Prep Time 1 d 20 mins
Cook Time 4 hrs
Resting Time 30 mins
Total Time 1 d 4 hrs 50 mins
Course Main Course
Servings 1 per 1.25 lb

Equipment

  • Roasting pan
  • Meat injector (optional, but highly recommended)
  • Baster

Ingredients
  

  • 1 whole turkey (make sure to fully thaw the bird ahead of time if it was frozen), neck and giblets removed (you can save these to flavor gravy)
  • 1-2 cups crushed garlic (from the jar, or you can make your own using about 5 heads of garlic)
  • ¼ cup kosher salt (use a 1-2 Tbsps more if you're using a non-kosher turkey)
  • 3 Tbsp black pepper
  • 1 cup margarine (I recommend Earth Balance®) or butter, softened
  • paprika
  • stuffing mix, about ¾ cup per lb of turkey (we use the Pepperidge Farm® stuffing, but any will do)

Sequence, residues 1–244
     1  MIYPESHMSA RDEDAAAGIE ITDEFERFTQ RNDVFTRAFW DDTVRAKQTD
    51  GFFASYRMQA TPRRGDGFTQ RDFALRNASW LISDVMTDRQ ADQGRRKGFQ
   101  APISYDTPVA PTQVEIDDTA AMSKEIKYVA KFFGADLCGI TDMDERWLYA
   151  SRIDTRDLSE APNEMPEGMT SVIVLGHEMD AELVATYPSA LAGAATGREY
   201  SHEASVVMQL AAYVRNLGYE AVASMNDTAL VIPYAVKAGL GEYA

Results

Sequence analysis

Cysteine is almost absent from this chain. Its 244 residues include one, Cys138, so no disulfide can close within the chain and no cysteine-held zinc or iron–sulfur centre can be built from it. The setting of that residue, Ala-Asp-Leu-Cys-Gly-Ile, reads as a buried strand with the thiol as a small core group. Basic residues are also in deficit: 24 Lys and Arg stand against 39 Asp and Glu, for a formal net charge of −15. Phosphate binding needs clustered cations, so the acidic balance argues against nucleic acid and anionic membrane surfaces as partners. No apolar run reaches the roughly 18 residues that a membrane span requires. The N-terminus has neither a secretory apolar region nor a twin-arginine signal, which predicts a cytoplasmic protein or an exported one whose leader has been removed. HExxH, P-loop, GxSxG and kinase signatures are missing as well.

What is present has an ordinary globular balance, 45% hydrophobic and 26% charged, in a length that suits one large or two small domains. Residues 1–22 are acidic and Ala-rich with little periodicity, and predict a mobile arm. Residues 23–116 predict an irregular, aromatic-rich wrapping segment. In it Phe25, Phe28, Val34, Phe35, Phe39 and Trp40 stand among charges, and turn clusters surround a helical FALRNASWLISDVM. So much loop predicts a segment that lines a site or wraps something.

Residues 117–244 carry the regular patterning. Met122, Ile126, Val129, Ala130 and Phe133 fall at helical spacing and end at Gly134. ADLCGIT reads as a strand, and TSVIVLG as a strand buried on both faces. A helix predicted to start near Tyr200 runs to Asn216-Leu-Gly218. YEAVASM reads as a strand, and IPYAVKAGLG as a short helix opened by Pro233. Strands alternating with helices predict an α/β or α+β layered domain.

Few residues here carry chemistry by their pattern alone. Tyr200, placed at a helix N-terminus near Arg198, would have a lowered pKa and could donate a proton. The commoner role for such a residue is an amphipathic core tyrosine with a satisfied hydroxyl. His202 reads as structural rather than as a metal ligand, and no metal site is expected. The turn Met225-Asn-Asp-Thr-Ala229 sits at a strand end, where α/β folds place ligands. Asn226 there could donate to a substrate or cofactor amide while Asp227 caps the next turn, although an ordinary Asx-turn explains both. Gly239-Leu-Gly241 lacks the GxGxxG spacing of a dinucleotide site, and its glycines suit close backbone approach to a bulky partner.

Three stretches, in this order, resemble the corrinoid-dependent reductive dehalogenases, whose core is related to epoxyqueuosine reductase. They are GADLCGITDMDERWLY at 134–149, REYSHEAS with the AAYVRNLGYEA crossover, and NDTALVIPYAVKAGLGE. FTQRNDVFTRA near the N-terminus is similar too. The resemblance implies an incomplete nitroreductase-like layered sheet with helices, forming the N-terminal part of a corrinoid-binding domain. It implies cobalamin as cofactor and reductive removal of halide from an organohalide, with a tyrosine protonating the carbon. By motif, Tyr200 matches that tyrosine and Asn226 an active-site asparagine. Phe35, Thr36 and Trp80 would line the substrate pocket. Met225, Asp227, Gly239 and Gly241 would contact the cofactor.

• 12 oz water

Instructions
 

  • Rinse the turkey (optional) and pat it down until it's as dry as possible. Remove any extra feathers.
  • In a small mixing bowl, combine the crushed garlic, salt, pepper, and margarine or butter to create a paste.
  • Place the bird, facing up, into a large roasting pan. Generously smear the paste over the entire top and sides of the bird, making sure to get into all the crevices. Repeat with the inside of the bird.
  • an (don't put it on a rack because it will dent the breasts). Smear the paste all over the back of the bird. With the back still facing up, either cover the roasting pan with a lid, foil, or wrap OR if you have enough space in your refrigerator to let it "breathe," leave it uncovered to dry age. Refrigerate the turkey and let it brine for at least 24 hours or a maximum of 48 hours.
  • On the day you're planning to eat the turkey, preheat the oven to 400°F. Prepare the stuffing, as directed on the box (though I like to add some mushrooms and onions).